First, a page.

On Palm Sunday churches which have painstakingly been decorated by the ladies of the parish with sweet-smelling leaves and petals. Small crosses of palm are shaped and bound together by locals, and are a symbol of  triumph over death, with branches of olive the peace plant. On Good Friday it is moving to join in the procession which follows the 'Epitaphion' this represent where Christ laid before his entombment, it is carried in a candle lit procession around the villages. Saturday morning, bay leaves are scattered over the church floor, symbolizing the glory and victory of Christ over death. At midnight, the Resurrection is celebrated with fireworks and bangers set alight. It is customary for everyone to take their candle home with them, doing their best not to let it go out on the way, bringing home the Resurrection light, a good blessing for the coming year.

Easter 'paska' is the most celebrated and important festival for Greeks. Celebrated after lent with the roasting of lambs and goats the eating of the red-dyed eggs, that have been prepared with special seaweed that when boiled turns red and represents the blood of Christ in a lot of areas small delicate flowers and leaves are placed next to the eggs in a muslin before being boil leaving an intricate design on the shell. Easter bread 'lambropsomo', is bake normally on Maundy Thursday and is decorated with an egg in the centre.




This day also known as labour day, is celebrated with flowers and home made multicoloured wreaths hanging on the outside of houses and flowers placed on the windscreens of cars. This ancient custom of the celebration of spring is world wide but on Kefalonia according to tradition, a garlic is placed into the flowers to protect the house from bad luck and ward off ill fortune and the evil eye.




Celebrated forty days after Easter and is usually during May. Services are held all over the island with picnics or barbecues and dancing after the evening services. Visits to churches and graveyards or silent pray all in remembrance of family and friends who have departed.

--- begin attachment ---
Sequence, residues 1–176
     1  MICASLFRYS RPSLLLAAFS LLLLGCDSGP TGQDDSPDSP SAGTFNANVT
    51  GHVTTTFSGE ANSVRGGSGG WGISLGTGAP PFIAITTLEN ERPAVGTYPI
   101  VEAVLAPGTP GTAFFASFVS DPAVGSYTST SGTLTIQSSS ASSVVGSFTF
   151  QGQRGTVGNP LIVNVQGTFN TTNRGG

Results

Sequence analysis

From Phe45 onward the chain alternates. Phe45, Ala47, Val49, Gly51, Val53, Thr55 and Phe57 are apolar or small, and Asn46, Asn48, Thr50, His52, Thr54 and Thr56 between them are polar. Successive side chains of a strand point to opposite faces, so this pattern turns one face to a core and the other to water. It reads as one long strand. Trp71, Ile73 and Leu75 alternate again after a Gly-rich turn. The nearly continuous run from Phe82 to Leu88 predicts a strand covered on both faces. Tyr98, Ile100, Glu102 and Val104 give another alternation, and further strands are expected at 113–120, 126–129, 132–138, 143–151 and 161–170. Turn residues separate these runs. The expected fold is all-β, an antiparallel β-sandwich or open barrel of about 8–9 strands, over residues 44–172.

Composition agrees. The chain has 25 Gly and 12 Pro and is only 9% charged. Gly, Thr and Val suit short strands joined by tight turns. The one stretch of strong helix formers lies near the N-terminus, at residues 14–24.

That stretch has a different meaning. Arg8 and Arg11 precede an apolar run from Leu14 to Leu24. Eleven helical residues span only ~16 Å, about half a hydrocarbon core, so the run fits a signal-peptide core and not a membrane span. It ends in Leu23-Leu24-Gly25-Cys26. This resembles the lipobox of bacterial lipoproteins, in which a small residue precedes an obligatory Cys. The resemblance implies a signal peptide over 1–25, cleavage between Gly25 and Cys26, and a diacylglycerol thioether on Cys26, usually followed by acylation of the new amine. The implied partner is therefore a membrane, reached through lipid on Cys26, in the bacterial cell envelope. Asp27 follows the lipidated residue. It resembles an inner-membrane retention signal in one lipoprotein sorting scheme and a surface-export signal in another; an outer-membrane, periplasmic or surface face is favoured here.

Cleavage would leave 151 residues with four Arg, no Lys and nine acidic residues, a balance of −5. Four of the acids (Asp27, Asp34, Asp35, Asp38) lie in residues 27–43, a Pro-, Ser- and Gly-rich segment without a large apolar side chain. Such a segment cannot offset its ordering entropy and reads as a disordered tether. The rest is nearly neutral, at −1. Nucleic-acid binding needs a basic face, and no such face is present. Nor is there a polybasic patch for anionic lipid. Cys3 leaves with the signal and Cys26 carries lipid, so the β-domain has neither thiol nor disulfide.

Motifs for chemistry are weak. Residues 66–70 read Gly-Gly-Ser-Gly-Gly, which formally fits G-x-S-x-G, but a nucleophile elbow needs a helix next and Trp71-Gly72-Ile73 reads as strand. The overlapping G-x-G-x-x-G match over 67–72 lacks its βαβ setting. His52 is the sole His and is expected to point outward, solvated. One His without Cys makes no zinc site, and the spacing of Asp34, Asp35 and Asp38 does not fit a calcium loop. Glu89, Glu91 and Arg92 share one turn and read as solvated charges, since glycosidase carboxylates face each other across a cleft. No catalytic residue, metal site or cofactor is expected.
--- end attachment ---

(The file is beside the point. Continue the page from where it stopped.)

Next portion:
All churches named after the Virgin Mary have celebrations. In the church of  Panayia of Langouvartha the Madonna lilies bloom again from dried stems these flowers and this miracle has always been a symbol of purity and associated with the Virgin Mary. Celebrations are held all over Kefalonia and in fact is the reason that St Yerasimos celebrations are held over a longer period of time. Simply because Panayia clashes with the death of the Saint on the 15th. Albeit it is celebrated on the 16th of August.




Saint Yerasimos is the patron saint of Kefalonia, he lived in the 16th century. Pilgrims come from all over the worked to celebrate the anniversary of his death at the monastery he helm restore in the Omala Valley. An all night vigil takes place on the night of the 15th with a procession and parade which includes government officials and visiting dignitaries. This runs from the monastery along the avenue of trees to one magnificent plane tree on the site of the holy well.  The Saint personally is said to have built this well and planted the plane tree beside it. It is customary for people to take a leaf from the tree in remembrance of their saint.




The 14th September is the day in all churches around the island the Cross with be richly decorated with basil. 'Basilico' means 'belonging to the king' after the services all the parishioners are given a bunch of basil to take home. This plant is grown in and around most gardens and verandahs. Valued for its sweet aroma and green leaves. There are two kinds the small leaf variety and the larger which is normally used in cooking. The worship of the holy cross comes from Helen the mother of Constantine the Great, who was the first Christian emperor, his mother who allegedly found the true Cross of Christ in Palestine and intern became a Saint herself. 




On this day another very similar celebration takes place, this time in remembrance of the day that the Saints body was exhumed and found to be miraculously intact.